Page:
Stan Higgins, who is soon to retire from his role as CEO of the North East Process Industry Cluster, reveals the challenges NEPIC has faced during his tenure…
During my tenure as CEO of NEPIC, the chemical process sector has identified and faced many challenges. Not least that in 2002 many stakeholders, both local and national, believed that the chemical sector was dying and no longer worth supporting. A misconception caused by the fragmentation of the sector and the paucity of shared information about the investment and upside performance of individual units. On the other hand plant closures were always headline news.
The mistaken belief was that this sector would be disappearing just like the region’s mining and shipbuilding sectors?
This truly was the mood around Governmental and stakeholder circles. Too many in industry also believed this and nobody was pointing out nor talking up its potential. It is only when industry itself pulled together and took a collective view, that this perception began to change.
When NEPIC was established in 2003, there were certainly many challenges to face and, looking back, I must have been crackers to have left a perfectly good job to tackle them head on!
Challenge 1: Bring together all the players across a diverse and hugely fragmented sector
Regional industrialists soon realised that despite the diversity of the sector – that included chemicals, pharmaceuticals, biotechnology, polymers and renewables – chemistry-using industries have many cross-cutting needs. After countless one-to-one meetings between myself and the region’s industrial leaders, cohesion began to emerge. A leadership team of top executives was created by those enthused by the idea that that the industry’s fortunes had to change.
Challenge 2: Create an organisation that all stakeholders would buy into
The reality is that industry created NEPIC and, once the clustering concepts were articulated, support rolled in. Over 200 top industry executives have provided leadership and counsel to our organisation, with industry and the supply chain steadfastly supporting us since 2003.
Challenge 3: Identify and broadcast the real impact of the sector on the UK economy
The true impact of the process sector cannot be identified through standard industrial data used by the Office of National Statistics. This is due to an effect in the statistics that more people now recognise – “the branch office effect”. Latest reports based on Standard Industry Codes still suggest that no chemicals, no pharmaceuticals nor apparently any cars are made in our region.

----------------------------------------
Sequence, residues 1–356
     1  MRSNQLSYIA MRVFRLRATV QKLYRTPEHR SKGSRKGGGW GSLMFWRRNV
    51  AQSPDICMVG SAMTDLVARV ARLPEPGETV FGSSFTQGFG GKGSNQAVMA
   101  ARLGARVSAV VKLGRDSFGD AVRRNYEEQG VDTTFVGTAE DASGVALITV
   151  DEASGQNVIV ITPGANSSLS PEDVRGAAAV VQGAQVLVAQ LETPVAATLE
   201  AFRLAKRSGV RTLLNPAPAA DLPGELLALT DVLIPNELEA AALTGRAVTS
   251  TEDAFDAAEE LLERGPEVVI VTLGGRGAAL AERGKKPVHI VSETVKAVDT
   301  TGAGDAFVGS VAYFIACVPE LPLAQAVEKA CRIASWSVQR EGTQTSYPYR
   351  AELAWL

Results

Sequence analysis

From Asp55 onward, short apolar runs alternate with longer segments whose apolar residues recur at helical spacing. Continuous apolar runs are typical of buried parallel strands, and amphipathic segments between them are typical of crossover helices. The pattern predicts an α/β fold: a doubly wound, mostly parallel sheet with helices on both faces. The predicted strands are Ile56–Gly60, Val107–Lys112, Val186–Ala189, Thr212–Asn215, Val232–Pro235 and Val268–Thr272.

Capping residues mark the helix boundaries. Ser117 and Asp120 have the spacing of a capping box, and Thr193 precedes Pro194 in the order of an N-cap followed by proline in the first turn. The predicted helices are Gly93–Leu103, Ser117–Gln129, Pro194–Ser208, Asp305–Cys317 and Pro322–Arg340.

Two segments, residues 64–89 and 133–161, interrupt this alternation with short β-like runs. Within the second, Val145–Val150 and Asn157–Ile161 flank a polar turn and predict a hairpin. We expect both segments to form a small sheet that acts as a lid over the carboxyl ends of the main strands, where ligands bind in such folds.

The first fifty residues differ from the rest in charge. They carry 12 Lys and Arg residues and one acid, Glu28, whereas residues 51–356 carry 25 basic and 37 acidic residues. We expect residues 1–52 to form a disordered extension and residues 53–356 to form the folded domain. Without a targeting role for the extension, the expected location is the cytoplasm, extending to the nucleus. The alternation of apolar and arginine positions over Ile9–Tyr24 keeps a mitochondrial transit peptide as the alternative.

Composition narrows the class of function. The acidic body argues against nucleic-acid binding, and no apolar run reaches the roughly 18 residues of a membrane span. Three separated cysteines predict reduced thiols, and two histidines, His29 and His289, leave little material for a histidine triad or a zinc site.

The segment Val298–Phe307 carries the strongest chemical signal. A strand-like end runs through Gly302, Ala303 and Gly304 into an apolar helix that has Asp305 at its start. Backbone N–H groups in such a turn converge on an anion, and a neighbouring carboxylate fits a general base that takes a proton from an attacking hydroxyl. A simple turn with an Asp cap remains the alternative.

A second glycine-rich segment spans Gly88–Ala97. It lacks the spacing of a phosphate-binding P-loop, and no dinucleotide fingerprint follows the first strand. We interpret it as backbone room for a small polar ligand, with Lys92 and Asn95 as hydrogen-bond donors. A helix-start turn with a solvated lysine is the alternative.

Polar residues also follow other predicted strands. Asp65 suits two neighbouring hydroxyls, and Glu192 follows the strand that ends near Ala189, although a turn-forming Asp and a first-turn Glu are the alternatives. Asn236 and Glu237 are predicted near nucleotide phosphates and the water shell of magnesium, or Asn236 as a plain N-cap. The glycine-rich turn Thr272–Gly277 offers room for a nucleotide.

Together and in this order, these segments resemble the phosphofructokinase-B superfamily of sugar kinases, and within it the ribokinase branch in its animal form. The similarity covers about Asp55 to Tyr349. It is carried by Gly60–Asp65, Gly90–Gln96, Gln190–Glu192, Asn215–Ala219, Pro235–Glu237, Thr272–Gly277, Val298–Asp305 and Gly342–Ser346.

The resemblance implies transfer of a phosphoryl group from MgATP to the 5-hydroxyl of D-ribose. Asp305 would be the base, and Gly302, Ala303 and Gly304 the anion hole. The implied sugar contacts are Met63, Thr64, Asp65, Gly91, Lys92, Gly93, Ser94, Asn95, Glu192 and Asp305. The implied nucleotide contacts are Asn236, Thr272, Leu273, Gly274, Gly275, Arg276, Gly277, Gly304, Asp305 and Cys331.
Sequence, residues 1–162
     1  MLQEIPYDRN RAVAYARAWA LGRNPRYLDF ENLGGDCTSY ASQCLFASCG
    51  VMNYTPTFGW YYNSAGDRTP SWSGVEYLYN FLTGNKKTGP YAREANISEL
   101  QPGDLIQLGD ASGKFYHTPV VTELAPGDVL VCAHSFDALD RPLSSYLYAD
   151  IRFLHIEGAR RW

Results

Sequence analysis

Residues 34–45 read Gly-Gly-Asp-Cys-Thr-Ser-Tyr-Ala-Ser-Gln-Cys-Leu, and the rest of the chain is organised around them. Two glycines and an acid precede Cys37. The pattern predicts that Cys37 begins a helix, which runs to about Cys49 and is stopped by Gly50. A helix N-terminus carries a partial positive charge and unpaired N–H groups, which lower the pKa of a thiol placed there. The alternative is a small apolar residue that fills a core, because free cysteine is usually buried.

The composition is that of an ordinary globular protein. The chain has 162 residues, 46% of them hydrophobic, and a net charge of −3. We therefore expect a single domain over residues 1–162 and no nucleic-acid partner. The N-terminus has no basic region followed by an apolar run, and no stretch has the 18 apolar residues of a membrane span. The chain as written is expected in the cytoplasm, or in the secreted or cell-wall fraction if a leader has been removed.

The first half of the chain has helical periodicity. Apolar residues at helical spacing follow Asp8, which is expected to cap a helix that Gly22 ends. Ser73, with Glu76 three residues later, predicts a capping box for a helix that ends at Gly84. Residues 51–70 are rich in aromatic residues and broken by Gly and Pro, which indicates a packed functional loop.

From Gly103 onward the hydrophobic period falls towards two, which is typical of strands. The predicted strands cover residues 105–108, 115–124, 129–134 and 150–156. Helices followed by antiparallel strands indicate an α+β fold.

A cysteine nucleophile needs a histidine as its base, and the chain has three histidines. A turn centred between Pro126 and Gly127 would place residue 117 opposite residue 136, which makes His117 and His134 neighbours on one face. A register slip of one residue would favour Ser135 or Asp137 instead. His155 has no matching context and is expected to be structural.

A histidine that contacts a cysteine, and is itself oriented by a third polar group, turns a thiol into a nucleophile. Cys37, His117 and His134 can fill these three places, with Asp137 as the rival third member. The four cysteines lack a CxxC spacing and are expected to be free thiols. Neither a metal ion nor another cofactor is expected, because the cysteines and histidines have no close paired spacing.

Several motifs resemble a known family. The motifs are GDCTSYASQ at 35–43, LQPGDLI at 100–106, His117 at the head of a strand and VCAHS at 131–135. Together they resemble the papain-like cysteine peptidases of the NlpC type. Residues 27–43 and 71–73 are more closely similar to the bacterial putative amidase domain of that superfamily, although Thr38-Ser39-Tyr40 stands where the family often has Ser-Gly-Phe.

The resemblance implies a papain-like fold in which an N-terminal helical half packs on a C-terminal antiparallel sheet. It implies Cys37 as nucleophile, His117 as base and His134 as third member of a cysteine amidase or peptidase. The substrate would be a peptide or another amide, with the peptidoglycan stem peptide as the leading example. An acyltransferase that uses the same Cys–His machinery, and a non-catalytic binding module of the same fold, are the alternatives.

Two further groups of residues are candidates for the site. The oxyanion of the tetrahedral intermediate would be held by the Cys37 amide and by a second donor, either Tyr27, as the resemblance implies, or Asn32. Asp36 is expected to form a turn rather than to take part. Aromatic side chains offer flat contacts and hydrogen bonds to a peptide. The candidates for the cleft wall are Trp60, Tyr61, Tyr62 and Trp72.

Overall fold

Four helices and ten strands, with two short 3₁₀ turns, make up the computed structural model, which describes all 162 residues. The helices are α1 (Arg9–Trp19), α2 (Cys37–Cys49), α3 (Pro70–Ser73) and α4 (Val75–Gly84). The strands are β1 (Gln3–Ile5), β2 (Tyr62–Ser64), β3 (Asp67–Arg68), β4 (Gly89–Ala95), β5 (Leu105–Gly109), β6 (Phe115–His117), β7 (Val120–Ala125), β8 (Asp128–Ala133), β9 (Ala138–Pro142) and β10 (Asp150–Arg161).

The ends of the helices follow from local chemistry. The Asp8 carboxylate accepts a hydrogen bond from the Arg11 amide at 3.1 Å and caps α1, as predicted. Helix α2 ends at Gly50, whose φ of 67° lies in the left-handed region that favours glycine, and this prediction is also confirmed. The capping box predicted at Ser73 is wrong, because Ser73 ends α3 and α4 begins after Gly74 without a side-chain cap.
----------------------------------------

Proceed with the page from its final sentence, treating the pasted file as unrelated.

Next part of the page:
However, through our work in identifying the true value, it is now appreciated amongst stakeholders that the process sector represents half of the North East industrial economy – and significantly more of the industrial landscape in the Tees Valley. In fact, 50% of the UK’s chemical Industry and 30% of pharmaceutical manufacturing is based in the North East region.
Challenge 4: Demonstrate the economic value of the sector to the local and national economy, and identify its future potential
This has been one of our most difficult challenges. The value of the sector to the economy of the region is still not reflected in the nation’s industrial data. However, by promoting the collective capability of the companies based here, others have begun to recognise the importance of the “process industries”, our exports and ultimately our Gross Value Added (GVA).
For the record, a worker in the pharmaceutical industry is worth ~£260,000 in GVA to the UK economy, chemical workers ~£92,000, aerospace ~£85,000, automobiles ~£75,000. Compare these values to our region’s average GVA and that of the UK – £18,500 and £25,000 respectively.) Such data should be used inform those about which industries we need to attract, support and grow if we are to grow our economy.
Challenge 5: Market the region’s process sector to attract inward investment and growth
By 2005, a portfolio of potential future investment in the sector had been compiled. It suggested that significant investment could be attracted to the region. Over the years this portfolio, which demonstrated growth was possible in the region, has borne fruit. It has amounted to 90 investments being delivered, totaling more than £6 billion.
When we add the impact of these investments to the work we have done in helping local SME’s to grow we can demonstrate that the industry collaboration through NEPIC has had cumulative economic impact of more than £3.5 billion of GVA for the local economy.
Challenge 6: Strengthen the industry’s supply chain in the region
When industrial leaders set this challenge, we at NEPIC devised a mentoring programme that received £1.5m of UK Government Regional Growth Funding, enabling us to implement the Business Acceleration for SME’s project (BASME). The concept centered around mentoring, via the NEPIC team and industry volunteers, that would ultimately facilitate the growth of local SMEs and in turn strengthen the region’s supply chain.